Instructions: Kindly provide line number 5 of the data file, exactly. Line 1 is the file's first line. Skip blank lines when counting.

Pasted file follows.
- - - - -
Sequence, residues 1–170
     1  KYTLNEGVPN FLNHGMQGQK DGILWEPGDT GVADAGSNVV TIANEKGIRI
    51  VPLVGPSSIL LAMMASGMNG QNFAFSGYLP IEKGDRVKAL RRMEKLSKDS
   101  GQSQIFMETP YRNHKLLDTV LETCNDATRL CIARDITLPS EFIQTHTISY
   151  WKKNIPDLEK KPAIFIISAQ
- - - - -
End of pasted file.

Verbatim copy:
   151  WKKNIPDLEK KPAIFIISAQ